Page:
By Kei Koga*
Japan’s vision for a Free and Open Indo-Pacific (FOIP) is nearing an inflection point. The government is faced with a choice on whether to shift its traditional strategic posture to take a firmer stance against China. Japan must decide how far it will go to defend the existing international order that the United States and its partners have largely constructed and which has diplomatically, economically and militarily benefited Japan.
Japan is pursuing a two-pronged strategy. On one hand, it has pushed back against China’s threats to territorial sovereignty. On the other hand, Japan has continuously engaged with China diplomatically and economically to shape its behaviour by using international rules and norms. The FOIP is the core of this diplomatic strategy. Its fundamental objective is to defend and enhance the existing rules-based international order.
To date, Japan’s FOIP vision has been remarkably successful. Japan conducted ‘tactical hedging’, using ambiguous diplomacy to incorporate reactions from regional states and shape the FOIP concept over time. As current international legitimacy rests on multilateralism, this diplomatic strategy has enabled Japan to nurture international coalitions that can push back against rising challengers, particularly China.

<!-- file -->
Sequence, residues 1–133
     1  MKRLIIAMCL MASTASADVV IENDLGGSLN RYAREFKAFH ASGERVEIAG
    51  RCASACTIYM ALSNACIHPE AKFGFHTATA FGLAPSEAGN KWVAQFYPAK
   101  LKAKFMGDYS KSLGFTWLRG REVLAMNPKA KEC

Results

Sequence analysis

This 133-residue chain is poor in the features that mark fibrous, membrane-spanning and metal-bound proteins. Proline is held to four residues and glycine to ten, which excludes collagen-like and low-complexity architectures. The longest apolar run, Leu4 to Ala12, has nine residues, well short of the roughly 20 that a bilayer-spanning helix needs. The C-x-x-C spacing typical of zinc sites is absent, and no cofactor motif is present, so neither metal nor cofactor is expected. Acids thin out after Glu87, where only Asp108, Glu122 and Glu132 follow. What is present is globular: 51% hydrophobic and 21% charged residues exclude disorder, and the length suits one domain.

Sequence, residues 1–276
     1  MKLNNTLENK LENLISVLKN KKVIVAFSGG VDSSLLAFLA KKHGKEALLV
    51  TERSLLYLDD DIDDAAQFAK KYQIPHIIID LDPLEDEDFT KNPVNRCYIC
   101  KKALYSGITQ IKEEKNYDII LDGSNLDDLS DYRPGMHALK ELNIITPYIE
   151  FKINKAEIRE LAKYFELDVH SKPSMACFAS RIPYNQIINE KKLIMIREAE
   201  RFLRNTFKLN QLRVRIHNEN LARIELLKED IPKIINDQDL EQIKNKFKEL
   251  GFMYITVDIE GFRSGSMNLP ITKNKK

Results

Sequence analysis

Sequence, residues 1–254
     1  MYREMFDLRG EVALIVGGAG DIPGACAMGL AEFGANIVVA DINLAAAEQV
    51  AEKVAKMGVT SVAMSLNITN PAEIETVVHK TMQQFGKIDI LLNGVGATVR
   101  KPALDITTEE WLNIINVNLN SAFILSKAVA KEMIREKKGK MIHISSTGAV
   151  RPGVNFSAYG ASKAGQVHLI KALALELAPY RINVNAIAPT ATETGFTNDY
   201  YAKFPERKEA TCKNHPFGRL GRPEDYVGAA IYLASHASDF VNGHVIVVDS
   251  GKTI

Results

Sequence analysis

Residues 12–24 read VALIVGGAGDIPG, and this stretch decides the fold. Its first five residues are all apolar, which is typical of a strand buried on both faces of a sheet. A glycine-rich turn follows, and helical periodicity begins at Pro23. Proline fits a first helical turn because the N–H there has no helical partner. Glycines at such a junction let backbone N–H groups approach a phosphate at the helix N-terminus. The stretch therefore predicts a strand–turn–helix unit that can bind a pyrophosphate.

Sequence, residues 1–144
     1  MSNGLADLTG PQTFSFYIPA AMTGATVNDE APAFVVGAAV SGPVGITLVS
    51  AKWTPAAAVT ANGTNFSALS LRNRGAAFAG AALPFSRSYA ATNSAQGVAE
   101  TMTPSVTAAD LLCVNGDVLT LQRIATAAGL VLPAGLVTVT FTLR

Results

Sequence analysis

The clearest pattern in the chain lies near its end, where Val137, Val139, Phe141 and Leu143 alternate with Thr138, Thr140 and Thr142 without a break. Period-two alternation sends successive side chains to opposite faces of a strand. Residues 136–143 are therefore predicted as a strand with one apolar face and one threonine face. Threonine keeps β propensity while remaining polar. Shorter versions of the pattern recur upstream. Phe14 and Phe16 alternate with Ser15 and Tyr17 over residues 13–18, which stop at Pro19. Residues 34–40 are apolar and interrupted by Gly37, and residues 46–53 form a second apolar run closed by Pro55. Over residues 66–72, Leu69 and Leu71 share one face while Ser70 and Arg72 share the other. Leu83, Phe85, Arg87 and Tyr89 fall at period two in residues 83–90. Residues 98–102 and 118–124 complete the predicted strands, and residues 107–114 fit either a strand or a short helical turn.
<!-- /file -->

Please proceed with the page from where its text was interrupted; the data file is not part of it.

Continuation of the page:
Introduced in 2016 by Japan, the FOIP concept drew the attention of the United States and contributed to the evolution of the US Indo-Pacific strategy. Simultaneously, Japan enhanced strategic ties with the United States, Australia and India, forging the institutionalisation of the Quad. Emphasising the importance of ASEAN unity and centrality, Japan attempted to alleviate ASEAN’s concerns over its potential diplomatic marginalisation by major regional powers.
Japan has also engaged and helped to shape China’s behaviour. One of the core components of Japan’s FOIP is to promote quality infrastructure in the Indo-Pacific. It originates from Japan’s 2015 Partnership for Quality Infrastructure and emphasises openness, transparency, economic efficiency and debt sustainability. Despite initial reluctance, China accepted these principles by agreeing to the G20 Principles for Quality Infrastructure Investment established at the 2019 Osaka summit. Cooperation with China also benefited from bilateral summits in 2018 and 2019.